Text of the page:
Jewish voters and Obama

Liberal media outlets are anxious to deny that Barack Obama has a problem with support from Jewish voters. Marc Ambinder of The Atlantic derisively employed the term "Jewish Problem" (a historically loaded expression) to dismiss reports that Jews have problems with his stance on Israel  Newsweek --a magazine that has all but endorsed Barack Obama for President -- had a feature article characterizing this "problem" as a myth.

But facts matter. Adam Eden of JTA reports 
on a poll from the magazine J-Street  revealing serious problems for Obama among Jews. Obama is behing Kerryt, Gore and Clinton in terms of support from American Jews.  

The survey, commissioned by the Washington-based advocacy organization J Street, found that only 58 percent of American Jews said they would definitely vote for Obama, an Illinois senator. Another 4 percent said they were leaning toward the presumptive Democratic nominee.

In contrast, Al Gore and Bill Clinton both drew approximately 80 percent of the Jewish vote in their respective runs for the presidency, while John Kerry garnered about 76 percent in 2004.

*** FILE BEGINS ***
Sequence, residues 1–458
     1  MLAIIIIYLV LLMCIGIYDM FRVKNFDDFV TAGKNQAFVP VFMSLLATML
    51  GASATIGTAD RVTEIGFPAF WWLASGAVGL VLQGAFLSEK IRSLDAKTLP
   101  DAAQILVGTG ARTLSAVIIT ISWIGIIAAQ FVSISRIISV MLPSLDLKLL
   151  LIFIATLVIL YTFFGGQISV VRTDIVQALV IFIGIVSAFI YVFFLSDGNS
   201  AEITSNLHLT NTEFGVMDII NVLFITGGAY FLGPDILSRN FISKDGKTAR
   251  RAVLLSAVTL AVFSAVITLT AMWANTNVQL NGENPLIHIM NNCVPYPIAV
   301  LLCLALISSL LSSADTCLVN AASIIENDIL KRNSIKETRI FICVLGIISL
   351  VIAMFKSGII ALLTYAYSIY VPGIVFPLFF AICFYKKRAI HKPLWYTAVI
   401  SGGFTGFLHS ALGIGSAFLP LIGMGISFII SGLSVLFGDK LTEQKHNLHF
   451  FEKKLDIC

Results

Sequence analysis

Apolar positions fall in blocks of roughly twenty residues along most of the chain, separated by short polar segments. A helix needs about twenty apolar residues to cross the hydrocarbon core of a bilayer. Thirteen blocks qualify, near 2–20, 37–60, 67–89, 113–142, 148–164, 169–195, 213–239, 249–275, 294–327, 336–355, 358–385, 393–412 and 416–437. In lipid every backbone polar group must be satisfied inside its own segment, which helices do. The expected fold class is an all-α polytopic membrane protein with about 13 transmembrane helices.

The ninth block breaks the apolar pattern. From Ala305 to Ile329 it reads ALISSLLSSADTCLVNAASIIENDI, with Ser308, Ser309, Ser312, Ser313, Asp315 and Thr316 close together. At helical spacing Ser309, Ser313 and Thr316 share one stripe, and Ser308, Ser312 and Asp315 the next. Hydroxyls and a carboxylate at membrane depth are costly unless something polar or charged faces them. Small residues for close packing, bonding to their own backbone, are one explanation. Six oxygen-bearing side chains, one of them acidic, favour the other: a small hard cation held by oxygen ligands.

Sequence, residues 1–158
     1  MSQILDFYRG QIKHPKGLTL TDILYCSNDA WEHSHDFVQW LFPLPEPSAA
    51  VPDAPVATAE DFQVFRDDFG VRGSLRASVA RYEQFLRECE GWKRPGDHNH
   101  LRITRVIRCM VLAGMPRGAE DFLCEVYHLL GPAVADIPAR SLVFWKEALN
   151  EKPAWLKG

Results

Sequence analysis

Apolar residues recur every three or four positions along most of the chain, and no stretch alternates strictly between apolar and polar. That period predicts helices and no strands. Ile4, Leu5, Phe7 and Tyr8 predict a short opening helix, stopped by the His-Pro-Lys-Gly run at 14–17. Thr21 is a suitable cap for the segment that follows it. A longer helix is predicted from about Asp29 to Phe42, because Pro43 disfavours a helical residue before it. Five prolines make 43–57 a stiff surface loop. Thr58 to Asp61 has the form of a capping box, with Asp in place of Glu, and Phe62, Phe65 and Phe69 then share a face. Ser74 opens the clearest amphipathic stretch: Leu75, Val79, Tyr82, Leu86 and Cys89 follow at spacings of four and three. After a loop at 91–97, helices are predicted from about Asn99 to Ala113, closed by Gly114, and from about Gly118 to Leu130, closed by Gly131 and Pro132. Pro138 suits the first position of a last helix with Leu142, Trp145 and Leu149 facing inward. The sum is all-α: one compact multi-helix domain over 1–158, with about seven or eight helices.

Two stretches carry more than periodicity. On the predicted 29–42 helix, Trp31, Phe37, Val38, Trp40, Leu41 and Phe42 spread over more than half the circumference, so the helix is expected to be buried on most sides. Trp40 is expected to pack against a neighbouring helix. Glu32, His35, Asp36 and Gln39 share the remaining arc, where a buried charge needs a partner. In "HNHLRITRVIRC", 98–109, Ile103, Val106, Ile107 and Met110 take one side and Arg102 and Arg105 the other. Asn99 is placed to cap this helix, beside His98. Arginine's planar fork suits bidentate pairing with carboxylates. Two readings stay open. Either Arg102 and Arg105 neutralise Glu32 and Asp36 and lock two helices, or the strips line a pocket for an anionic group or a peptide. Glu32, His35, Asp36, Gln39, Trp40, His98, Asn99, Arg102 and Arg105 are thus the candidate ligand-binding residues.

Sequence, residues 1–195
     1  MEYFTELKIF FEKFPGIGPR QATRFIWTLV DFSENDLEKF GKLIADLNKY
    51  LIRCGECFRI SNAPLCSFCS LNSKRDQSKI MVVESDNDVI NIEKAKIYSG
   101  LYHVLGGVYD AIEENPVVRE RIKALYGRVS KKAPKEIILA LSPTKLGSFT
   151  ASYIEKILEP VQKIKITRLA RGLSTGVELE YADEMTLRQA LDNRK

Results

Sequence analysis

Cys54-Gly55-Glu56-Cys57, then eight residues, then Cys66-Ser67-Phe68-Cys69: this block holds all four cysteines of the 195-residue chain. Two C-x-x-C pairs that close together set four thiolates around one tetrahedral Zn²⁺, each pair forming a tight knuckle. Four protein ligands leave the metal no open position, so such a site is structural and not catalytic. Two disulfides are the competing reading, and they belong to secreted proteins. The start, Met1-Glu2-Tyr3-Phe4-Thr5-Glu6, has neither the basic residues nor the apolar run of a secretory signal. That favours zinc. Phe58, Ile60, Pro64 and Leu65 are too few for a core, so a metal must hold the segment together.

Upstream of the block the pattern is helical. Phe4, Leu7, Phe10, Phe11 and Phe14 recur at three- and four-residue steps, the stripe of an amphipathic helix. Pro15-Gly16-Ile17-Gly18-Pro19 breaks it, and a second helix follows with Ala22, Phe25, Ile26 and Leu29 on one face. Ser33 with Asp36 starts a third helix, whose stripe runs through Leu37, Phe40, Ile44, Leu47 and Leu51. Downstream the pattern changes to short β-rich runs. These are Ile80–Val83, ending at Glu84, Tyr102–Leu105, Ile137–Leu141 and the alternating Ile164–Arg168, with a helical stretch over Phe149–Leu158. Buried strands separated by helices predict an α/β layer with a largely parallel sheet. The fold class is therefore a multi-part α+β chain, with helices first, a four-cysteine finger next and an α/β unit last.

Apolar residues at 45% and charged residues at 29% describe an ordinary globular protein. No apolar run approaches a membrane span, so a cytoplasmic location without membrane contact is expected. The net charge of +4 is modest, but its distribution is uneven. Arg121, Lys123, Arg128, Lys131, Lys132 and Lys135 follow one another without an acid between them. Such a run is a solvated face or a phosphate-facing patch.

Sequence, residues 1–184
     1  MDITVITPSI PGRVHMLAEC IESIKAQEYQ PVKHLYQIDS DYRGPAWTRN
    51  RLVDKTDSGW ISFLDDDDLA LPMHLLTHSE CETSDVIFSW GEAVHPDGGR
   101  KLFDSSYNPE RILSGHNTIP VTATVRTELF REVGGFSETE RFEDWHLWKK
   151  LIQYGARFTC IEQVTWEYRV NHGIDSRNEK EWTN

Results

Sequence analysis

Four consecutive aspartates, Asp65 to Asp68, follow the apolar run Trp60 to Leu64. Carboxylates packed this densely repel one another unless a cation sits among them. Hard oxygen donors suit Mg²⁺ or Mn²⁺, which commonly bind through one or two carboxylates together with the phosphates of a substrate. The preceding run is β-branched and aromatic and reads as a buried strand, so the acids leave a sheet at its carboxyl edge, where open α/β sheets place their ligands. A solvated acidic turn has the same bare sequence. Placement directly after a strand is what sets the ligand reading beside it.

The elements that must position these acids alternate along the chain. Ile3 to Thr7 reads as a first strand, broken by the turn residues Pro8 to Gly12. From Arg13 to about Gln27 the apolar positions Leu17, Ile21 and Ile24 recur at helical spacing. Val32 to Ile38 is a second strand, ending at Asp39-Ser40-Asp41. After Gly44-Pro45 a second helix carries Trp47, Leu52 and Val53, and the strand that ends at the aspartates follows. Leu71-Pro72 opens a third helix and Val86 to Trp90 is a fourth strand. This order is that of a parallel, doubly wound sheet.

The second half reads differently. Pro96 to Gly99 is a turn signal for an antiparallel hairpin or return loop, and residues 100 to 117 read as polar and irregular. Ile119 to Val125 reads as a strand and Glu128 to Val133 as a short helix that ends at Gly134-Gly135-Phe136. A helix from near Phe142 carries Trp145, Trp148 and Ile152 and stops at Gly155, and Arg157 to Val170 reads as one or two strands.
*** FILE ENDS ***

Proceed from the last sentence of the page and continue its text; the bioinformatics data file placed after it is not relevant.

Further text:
Twenty-nine percent of respondents said they would vote for U.S. Sen. John McCain (R-Ariz.), with 3 percent saying they were leaning toward the presumptive GOP nominee. That would represent a higher showing among Jews than the 24 percent President Bush drew in 2004.

Liberal media outlets are anxious to deny that Barack Obama has a problem with support from Jewish voters. Marc Ambinder of The Atlantic derisively employed the term "Jewish Problem" (a historically loaded expression) to dismiss reports that Jews have problems with his stance on Israel  Newsweek --a magazine that has all but endorsed Barack Obama for President -- had a feature article characterizing this "problem" as a myth.

But facts matter. Adam Eden of JTA reports 
on a poll from the magazine J-Street  revealing serious problems for Obama among Jews. Obama is behing Kerryt, Gore and Clinton in terms of support from American Jews.  

The survey, commissioned by the Washington-based advocacy organization J Street, found that only 58 percent of American Jews said they would definitely vote for Obama, an Illinois senator. Another 4 percent said they were leaning toward the presumptive Democratic nominee.

In contrast, Al Gore and Bill Clinton both drew approximately 80 percent of the Jewish vote in their respective runs for the presidency, while John Kerry garnered about 76 percent in 2004.

Twenty-nine percent of respondents said they would vote for U.S. Sen. John McCain (R-Ariz.), with 3 percent saying they were leaning toward the presumptive GOP nominee. That would represent a higher showing among Jews than the 24 percent President Bush drew in 2004.